Twitter noted a 65% increase in pages per session, a 75% increase in Tweets sent and a 20% decrease in bounce rate.
La Nature: 0.1S loading page speed on mobile
This is an example which is especially important for us, as the La Nature PWA is built using our product – Vue Storefront.
Vue Storefront is an ultrafast, off-line ready, mobile first Progressive Web App storefront released under the MIT license. You can just take the source code of Vue Storefront, customize it to your needs and connect it to your eCommerce. Just as La Nature did it :)
La Nature is a Russian company offering stylish jewellery. When you visit La Nature’s website, you might be surprised how many colours and images there are on their website.
This was one of the main reasons the company decided to put over 16,800 product images their on PWA. In mCommerce it is challenging.
This number of images can cause poor loading times – the reasonable standard in mobile UX is 4 seconds or less.
The implementation of a PWA shortened the speed for catalog loading to 0.1 second – and it’s much lower than the average.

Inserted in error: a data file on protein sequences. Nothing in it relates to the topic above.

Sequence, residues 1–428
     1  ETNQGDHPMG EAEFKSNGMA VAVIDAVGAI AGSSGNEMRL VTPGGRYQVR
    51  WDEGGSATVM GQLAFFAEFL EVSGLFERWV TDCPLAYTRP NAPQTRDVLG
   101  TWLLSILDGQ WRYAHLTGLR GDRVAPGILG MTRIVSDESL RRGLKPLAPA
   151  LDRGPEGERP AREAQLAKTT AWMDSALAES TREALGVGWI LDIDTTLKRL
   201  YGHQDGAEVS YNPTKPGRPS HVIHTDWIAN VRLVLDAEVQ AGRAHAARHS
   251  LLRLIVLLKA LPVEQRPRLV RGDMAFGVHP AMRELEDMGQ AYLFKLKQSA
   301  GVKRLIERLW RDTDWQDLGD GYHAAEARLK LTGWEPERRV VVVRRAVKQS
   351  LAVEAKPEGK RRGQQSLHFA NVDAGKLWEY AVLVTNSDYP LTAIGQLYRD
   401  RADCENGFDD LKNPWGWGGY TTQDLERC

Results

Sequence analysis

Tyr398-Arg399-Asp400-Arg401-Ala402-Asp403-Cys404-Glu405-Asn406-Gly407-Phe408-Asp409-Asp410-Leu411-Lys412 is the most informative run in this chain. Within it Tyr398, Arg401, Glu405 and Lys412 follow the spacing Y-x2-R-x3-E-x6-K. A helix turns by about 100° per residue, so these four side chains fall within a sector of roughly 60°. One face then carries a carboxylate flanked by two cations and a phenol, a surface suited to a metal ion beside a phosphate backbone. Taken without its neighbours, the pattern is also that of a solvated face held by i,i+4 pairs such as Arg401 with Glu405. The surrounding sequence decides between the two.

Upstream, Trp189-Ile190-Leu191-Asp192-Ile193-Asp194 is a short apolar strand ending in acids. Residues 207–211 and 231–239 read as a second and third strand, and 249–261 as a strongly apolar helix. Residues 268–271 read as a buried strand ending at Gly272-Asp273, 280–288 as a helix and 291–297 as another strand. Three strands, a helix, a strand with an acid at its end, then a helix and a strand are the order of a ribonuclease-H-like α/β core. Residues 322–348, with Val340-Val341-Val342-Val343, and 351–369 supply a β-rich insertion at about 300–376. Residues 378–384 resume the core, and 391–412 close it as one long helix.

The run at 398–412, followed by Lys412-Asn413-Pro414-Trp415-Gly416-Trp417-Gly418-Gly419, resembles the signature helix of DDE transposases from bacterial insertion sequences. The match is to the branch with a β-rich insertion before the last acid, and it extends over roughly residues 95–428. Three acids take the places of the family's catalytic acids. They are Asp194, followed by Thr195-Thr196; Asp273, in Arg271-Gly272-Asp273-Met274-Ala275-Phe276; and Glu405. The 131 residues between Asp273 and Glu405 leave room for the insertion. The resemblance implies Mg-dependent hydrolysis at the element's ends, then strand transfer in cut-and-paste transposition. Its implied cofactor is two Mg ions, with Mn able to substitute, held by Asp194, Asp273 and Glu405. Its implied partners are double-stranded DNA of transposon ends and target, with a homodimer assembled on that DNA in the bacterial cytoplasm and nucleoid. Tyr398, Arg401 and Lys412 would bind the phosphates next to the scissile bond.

That’s only a few cases. PWAs inspire brands from many industries. Other companies that have invested in PWAs are Pinterest, Flipkart, OLX, Tinder, and many more.
How much time and money do I need to have a PWA?
Well, I guess you’ve already decided to implement a PWA to your business or at least thinking about it heavily. OK, then this will be the most important question for you.
First, we’ll talk about time of implementation. The standard time of integration is somewhere between 3-4 months depending on the features you want to cover. Just take a look at your eCommerce system, whether it’s Magento or any other eCommerce platform, and consider which of the features are the most important for you business.
Also, you don’t have to start with all your products; you can test a PWA on a group of your best-converting items. This way, you estimate the possible benefits a PWA will bring to your business.
If you are not sure where to start, we can schedule a scoping session with our team. During the workshops, which usually take 1–2 days, a UX designer and software architect from Divante work closely with the Product Owner and the client’s IT team. They will help you decide where to start and what is most important for your business growth.
That can be the effect of typical scoping session. As you can see, we use a lot of paper and stickers to analyze all the features and set priorities.
The second is about money. A usual PWA implementation costs between 40 and 80 thousand Euro. But you need to be aware that it’s not necessary to implement a complete PWA all at once.